Behaviour and distribution of wild geese in south-east Scotland

I Newton, V M Thom, W Brotherston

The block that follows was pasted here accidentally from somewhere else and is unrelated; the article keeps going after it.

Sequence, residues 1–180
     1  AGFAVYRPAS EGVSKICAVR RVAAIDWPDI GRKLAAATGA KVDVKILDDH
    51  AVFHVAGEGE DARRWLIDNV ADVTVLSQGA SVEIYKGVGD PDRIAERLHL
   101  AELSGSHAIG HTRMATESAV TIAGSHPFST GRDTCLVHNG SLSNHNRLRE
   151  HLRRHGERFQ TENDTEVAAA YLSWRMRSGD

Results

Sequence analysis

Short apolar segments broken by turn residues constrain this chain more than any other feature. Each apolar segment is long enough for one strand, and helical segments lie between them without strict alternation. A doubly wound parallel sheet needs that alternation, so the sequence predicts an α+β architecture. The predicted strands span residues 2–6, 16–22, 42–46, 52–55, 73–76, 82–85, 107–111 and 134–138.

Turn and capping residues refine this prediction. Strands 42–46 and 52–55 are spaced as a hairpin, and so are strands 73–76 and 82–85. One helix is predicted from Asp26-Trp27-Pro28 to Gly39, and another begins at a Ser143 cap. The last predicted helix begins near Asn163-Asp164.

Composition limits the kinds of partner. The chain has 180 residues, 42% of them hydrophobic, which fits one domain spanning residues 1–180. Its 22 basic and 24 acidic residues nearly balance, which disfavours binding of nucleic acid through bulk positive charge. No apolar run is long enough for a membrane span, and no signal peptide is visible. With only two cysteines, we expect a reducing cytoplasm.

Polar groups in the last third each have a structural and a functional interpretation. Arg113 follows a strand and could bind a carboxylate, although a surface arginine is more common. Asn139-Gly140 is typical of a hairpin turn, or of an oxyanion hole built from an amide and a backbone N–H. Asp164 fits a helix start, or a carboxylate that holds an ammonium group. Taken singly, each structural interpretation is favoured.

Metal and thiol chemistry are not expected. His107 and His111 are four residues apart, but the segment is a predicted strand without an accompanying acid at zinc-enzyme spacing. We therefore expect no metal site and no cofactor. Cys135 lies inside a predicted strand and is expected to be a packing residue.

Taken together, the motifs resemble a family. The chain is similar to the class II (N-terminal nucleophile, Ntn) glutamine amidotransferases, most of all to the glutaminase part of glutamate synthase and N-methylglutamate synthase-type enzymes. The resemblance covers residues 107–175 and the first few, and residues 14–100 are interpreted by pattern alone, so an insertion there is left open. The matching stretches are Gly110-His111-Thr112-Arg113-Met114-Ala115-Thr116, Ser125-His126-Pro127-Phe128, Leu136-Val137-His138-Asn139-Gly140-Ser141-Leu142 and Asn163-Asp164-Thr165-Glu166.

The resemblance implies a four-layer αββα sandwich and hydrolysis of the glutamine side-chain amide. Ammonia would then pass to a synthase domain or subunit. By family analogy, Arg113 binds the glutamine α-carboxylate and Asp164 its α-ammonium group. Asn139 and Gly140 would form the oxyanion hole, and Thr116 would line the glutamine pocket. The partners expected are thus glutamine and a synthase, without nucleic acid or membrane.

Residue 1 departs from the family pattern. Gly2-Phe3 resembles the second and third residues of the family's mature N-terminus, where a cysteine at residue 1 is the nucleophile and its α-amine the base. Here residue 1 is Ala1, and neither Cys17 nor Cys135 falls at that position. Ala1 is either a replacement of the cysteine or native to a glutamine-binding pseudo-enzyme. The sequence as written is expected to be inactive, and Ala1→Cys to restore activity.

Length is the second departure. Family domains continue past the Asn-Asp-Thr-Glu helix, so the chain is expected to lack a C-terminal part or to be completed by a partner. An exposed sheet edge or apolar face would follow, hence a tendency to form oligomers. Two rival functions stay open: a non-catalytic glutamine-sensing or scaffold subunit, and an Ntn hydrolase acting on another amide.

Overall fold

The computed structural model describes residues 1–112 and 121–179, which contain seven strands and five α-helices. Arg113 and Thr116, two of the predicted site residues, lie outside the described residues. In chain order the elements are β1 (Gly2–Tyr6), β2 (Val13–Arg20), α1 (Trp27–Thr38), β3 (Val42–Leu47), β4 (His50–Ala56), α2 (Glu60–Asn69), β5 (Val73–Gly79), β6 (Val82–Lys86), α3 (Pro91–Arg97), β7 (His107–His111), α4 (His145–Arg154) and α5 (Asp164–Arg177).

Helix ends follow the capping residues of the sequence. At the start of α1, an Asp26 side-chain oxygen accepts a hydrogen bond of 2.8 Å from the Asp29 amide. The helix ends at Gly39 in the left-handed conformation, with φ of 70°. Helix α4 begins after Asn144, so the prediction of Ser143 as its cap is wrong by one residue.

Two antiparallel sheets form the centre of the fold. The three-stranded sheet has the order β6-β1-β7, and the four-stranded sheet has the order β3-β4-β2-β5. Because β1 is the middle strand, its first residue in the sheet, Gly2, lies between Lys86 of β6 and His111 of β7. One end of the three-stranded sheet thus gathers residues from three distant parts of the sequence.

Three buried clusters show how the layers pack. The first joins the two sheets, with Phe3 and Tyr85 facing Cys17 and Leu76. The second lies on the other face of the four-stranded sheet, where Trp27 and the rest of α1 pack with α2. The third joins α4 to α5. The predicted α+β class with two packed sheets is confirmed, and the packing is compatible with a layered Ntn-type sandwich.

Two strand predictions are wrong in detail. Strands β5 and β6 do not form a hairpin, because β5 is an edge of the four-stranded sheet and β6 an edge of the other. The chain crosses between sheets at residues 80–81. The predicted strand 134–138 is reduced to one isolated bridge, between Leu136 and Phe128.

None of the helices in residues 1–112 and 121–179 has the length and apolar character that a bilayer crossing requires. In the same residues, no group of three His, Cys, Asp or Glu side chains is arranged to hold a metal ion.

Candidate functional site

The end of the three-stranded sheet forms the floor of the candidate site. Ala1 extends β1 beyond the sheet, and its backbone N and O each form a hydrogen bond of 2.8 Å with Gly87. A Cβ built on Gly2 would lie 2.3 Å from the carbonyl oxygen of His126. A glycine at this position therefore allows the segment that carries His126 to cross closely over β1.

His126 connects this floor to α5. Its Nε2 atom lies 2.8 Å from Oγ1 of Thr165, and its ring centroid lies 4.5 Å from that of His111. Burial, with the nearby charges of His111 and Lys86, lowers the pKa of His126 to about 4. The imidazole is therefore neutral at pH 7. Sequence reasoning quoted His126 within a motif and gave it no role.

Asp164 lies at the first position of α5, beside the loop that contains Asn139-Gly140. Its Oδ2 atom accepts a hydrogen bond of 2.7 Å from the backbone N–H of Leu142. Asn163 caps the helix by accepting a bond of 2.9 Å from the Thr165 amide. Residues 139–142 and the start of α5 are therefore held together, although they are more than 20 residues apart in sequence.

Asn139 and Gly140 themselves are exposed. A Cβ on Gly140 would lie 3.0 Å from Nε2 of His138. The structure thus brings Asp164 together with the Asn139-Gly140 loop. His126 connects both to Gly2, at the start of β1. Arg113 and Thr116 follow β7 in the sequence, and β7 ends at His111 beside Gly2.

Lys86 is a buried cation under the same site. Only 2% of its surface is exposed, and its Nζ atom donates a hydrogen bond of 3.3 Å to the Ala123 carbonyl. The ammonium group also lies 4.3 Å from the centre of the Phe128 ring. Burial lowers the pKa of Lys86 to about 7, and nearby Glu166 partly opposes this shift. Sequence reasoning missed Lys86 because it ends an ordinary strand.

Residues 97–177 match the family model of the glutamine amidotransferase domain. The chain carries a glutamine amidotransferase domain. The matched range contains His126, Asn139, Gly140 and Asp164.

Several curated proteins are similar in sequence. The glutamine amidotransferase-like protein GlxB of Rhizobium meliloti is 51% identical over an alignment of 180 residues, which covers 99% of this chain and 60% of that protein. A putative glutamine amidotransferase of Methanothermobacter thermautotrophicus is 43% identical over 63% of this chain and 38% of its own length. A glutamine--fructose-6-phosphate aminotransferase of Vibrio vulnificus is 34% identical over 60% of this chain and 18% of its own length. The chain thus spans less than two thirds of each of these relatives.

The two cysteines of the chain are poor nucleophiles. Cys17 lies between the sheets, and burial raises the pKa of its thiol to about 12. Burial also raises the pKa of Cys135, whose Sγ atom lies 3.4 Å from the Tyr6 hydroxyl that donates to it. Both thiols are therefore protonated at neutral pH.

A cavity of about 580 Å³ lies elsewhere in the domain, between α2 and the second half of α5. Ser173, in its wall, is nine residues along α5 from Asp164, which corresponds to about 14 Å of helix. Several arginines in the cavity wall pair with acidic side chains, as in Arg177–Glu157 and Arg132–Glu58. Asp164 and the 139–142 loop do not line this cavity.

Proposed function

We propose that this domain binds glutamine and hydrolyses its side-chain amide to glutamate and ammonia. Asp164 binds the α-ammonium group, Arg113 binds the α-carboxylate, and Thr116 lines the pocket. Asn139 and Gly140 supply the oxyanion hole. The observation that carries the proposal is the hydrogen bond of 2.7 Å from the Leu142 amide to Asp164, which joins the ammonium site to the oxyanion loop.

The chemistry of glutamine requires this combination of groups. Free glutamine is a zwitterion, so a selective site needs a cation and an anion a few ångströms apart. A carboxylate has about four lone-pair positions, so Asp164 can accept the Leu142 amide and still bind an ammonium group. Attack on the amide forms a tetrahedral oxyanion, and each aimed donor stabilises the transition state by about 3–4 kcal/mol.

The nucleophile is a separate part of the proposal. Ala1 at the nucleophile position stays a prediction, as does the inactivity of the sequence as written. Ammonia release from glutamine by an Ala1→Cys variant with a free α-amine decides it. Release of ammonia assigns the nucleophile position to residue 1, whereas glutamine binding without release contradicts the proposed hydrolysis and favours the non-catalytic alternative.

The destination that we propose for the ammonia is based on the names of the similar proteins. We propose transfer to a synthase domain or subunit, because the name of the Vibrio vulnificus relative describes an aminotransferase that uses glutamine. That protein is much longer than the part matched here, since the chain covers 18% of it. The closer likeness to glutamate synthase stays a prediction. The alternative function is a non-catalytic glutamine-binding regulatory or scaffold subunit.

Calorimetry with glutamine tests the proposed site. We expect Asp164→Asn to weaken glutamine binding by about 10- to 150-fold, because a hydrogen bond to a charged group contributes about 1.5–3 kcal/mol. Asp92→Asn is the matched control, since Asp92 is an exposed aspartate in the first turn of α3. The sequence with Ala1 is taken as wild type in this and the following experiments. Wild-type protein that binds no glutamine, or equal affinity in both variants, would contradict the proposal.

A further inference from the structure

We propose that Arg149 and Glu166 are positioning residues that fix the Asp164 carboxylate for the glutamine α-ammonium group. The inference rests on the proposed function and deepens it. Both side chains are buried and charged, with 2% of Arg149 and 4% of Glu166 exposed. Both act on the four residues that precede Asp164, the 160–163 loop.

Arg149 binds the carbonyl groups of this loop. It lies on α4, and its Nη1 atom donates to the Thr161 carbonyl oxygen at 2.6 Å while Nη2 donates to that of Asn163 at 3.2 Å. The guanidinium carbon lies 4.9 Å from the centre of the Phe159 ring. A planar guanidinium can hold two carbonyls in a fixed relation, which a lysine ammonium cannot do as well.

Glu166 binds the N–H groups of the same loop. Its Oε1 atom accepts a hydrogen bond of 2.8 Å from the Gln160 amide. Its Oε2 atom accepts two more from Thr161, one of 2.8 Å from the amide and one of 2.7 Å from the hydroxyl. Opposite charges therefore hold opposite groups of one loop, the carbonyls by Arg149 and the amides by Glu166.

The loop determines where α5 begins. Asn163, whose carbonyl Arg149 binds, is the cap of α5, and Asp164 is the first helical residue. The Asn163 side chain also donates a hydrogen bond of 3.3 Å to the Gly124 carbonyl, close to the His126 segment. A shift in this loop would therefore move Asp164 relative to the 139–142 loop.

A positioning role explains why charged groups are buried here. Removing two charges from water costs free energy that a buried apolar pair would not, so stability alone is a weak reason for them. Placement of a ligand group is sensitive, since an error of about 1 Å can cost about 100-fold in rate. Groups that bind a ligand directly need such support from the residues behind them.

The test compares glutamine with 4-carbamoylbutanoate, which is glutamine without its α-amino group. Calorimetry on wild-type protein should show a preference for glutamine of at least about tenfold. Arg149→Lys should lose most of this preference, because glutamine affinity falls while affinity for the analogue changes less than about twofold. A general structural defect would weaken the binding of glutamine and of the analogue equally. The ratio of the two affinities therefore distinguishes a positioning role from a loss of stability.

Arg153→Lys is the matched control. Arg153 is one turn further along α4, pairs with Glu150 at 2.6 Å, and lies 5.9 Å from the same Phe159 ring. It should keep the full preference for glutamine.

In southeast Scotland immigrant Greylag and Pink-footed Geese fed entirely on farmland (including grassland), where their distribution was governed by the location of suitable roosts, from which they flew to restricted feeding areas nearby. Continual movement took place between different roosts, and peak numbers occurred in different months in different districts. Pinkfeet preferred the safer of a range of sites for roosting, including estuaries, large lakes and reservoirs, and remote moorland pools, while Greylag also used less safe sites, including small ponds and rivers. Of forty-five major goose roosts in the study area, only nine were used regularly by both species, the rest by one or other. On shared roosts the two species kept apart. Pinkfeet were also more particular in their choice of feeding areas, and often foraged further from their roosts than did Greylag. Greylag rarely flew more than 5 km to feed, but Pinkfeet regularly more than 10 km, and occasionally more than 20 km. Differences in roosting and flighting habits led to spatial separation of the two species on farmland and, of the total goose country in the study area, only 13% was occupied by both species together, the rest by one or other. Within limits set by the location of suitable roosting and feeding areas, the distribution of geese, was influenced mainly by disturbance, especially shooting.

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